When calculating seasonal employees’ average weekly wages and entitlement to temporary total disability, parties must take the workers’ in-season and off-season wages into consideration, according to case law on the topic.
Seasonal work is temporary employment that recurs around the same time every year. For example, businesses that primarily have more customers during specific seasons hire seasonal employees for extra help during their busiest times (e.g., agricultural workers or ski resort employees).
But can a seasonal employee be compensated by workers’ compensation temporary total disability benefits? What if the seasonal employee’s average weekly wage is different from full-time workers who are not considered seasonal employees?
The answer is yes, but as noted by our friends at CEB, an injured seasonal employee is only entitled to temporary disability benefits based on earnings at the time of injury for the period that the work would have continued. After the seasonal work has ended, the temporary disability rate is calculated by analyzing the seasonal employee’s earning history and anticipated future earning had he or she not been injured.
In the en banc decision of Jimenez v. San Joaquin Valley Labor, the Appeals Board held that a seasonal employee’s average weekly wage (AWW) should factor in two earning capacities. First, they should analyze the employee’s in-season earning capacity. Secondly, they should look at the applicant’s off-season earning capacity.
The 5th District Court of Appeal added to the seasonal worker doctrine in the case of Signature Fruit Co. v. WCAB (Ochoa). In that case, the court determined that if a seasonal employee has no earnings during the off-season, their AWW will be zero for that period. This results in no temporary disability benefits during the off-season, because temporary disability benefits are calculated at two-thirds of the injured worker’s AWW.
The appellate court reasoned that temporary disability benefits are designed to replace lost wages during the period of recovery from an industrial injury. If a seasonal employee would not have any lost wages during the off-season, payment of temporary disability benefits during that period would result in a windfall. That would create an economic incentive for employees to exaggerate their level of disability and encourage them to malinger on temporary disability.
The Signature Fruit case focused on a situation in which a seasonal employee had no off-season earnings. By contrast, the Court of Appeal in Gerawan Farming, Inc. v WCAB (Mendez) reasoned that an employee who presents substantial evidence that he or she intended to remain in the labor market during the off-season may be entitled to temporary disability benefits during that period.
HOW TO CALCULATE AWW
To calculate the applicant’s average weekly wage, first you’ll need the employer’s wage statement with the total earnings amount the applicant earned in the year prior to the date of injury.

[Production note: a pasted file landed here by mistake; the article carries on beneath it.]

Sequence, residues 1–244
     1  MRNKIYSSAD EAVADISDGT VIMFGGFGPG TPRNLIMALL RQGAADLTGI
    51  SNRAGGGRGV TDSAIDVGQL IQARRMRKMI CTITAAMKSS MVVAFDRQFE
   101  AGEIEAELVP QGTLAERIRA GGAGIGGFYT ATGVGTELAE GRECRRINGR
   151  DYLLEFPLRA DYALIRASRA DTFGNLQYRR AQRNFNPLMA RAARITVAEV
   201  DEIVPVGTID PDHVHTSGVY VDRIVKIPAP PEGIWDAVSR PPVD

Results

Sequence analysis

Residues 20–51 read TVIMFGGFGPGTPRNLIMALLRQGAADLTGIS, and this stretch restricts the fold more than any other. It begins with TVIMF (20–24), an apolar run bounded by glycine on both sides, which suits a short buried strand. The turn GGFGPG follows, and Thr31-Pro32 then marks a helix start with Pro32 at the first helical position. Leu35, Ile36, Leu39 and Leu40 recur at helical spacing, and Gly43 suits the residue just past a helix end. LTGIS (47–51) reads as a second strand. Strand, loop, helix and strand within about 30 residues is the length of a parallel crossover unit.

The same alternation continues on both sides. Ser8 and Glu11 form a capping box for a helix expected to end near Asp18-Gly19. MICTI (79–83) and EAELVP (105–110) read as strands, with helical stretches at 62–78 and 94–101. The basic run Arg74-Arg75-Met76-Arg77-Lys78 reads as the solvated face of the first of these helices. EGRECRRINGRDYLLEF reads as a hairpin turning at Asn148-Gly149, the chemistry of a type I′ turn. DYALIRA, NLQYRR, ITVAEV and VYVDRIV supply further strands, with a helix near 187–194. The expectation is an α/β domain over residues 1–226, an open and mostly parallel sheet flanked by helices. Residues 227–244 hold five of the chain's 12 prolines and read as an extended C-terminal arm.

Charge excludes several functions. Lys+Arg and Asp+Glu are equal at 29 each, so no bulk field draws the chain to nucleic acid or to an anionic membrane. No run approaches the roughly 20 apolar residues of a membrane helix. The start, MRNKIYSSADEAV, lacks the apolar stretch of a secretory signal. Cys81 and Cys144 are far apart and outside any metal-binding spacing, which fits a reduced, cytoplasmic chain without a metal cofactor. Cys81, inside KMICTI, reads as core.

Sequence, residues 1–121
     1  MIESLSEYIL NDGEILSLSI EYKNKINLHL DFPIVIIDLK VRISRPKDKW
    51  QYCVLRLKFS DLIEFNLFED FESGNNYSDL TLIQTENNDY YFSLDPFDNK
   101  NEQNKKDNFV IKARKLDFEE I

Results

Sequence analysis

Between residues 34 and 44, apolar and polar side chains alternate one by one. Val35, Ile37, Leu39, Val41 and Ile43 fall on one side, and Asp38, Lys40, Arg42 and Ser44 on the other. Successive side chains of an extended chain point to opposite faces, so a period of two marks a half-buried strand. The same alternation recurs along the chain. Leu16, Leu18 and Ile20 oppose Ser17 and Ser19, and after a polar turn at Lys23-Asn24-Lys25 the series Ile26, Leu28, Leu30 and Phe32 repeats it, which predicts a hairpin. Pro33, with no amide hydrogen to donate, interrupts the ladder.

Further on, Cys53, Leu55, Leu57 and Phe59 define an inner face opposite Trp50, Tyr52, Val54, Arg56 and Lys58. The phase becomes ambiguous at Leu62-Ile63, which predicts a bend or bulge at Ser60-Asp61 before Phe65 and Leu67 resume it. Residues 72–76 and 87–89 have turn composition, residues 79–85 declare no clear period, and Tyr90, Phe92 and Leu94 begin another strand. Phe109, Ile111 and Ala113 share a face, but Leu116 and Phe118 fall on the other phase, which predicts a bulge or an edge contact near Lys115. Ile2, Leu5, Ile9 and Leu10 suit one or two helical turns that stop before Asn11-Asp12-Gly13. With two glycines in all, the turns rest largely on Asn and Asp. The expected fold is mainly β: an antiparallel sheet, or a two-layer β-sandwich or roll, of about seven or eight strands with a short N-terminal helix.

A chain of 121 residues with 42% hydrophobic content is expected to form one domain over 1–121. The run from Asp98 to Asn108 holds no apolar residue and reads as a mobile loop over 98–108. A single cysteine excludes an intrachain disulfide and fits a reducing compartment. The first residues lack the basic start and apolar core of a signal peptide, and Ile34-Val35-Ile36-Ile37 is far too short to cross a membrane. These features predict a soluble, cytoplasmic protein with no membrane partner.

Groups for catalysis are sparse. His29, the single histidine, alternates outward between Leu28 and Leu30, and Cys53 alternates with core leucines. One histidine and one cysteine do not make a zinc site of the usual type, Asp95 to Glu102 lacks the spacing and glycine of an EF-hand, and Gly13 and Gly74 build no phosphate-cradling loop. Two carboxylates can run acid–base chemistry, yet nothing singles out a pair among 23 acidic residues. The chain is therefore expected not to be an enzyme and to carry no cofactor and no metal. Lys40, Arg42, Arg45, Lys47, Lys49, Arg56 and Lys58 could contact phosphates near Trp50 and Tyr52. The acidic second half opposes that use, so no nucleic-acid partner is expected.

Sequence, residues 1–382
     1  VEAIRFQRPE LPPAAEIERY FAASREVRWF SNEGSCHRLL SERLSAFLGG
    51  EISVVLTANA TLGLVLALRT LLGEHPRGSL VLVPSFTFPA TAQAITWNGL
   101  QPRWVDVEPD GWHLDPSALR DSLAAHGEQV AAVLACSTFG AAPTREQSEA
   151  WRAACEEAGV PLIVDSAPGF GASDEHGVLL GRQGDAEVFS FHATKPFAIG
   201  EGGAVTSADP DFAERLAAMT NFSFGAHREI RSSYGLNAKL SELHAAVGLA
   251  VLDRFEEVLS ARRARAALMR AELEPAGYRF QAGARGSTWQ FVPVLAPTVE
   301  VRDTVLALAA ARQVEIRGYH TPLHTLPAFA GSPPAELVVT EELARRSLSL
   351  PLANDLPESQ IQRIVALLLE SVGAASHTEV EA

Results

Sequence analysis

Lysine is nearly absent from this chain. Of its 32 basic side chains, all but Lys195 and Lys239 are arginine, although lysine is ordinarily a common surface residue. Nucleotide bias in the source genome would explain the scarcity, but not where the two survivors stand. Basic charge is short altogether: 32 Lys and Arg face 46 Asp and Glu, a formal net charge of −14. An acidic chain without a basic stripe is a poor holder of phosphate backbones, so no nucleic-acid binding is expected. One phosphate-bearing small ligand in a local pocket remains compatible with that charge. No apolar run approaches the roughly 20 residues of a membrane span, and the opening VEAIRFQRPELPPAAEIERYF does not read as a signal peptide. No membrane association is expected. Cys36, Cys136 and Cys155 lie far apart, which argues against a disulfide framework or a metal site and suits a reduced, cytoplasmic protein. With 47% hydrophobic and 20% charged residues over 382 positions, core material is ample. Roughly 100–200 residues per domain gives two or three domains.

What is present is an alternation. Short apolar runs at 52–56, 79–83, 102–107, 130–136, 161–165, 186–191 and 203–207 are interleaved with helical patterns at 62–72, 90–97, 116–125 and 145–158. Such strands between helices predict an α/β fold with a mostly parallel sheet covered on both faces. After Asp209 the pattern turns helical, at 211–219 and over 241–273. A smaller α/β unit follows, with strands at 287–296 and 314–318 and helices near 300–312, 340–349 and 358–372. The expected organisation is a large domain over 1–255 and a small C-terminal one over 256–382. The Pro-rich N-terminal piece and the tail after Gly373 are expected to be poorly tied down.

Take the total earnings, divide them by the number of weeks, or days, during the employment leading up to the date of injury. In a scenario in which the applicant is a long-term employee, and the prior 52 weeks are an accurate reflection of the earnings, the calculation is made by taking the total and dividing it by 52 weeks.
If the employment was not a full 52 weeks, merely take the total number of weeks and calculate the total earnings during that specific period of time. Next, divide the total gross earnings by the number of weeks in which the applicant worked. This will provide the average weekly wage as long as the total earnings is correct and the number of weeks or days worked is accurate.
BEWARE OF ARTIFICIALLY REDUCED EARNINGS
Regardless of whether it’s a seasonal or year-round employee, sometimes workers will have reduced earnings due to personal sickness, such as a cold, or maybe taking care of a sick relative. To avoid difficulties with the Audit Unit, you may want to remove those weeks from your calculations.
One way to think of those weeks with artificially-reduced earnings is as weeks where the employee, through no fault of their own, didn’t meet their earning capacity or the employer’s promise of payment. Removal of those weeks from your wage calculation may result in a slightly-higher AWW, but you will be happy that you did when you pass your upcoming audit with flying colors.
Calculating average weekly wages for seasonal employees can seem daunting, but can be simplified by breaking down the seasonal and off-season earnings. For more help with average weekly wages and earnings calculations, feel free to contact the Law Offices of Bradford and Barthel.
This article was written by John W. Doud, an associate attorney with Bradford and Barthel’s Woodland Hills office. For more information about average weekly wages, temporary total disability questions, or other workers’ compensation defense issues, feel free to contact John by calling 818.654.0411 or emailing him at firstname.lastname@example.org.
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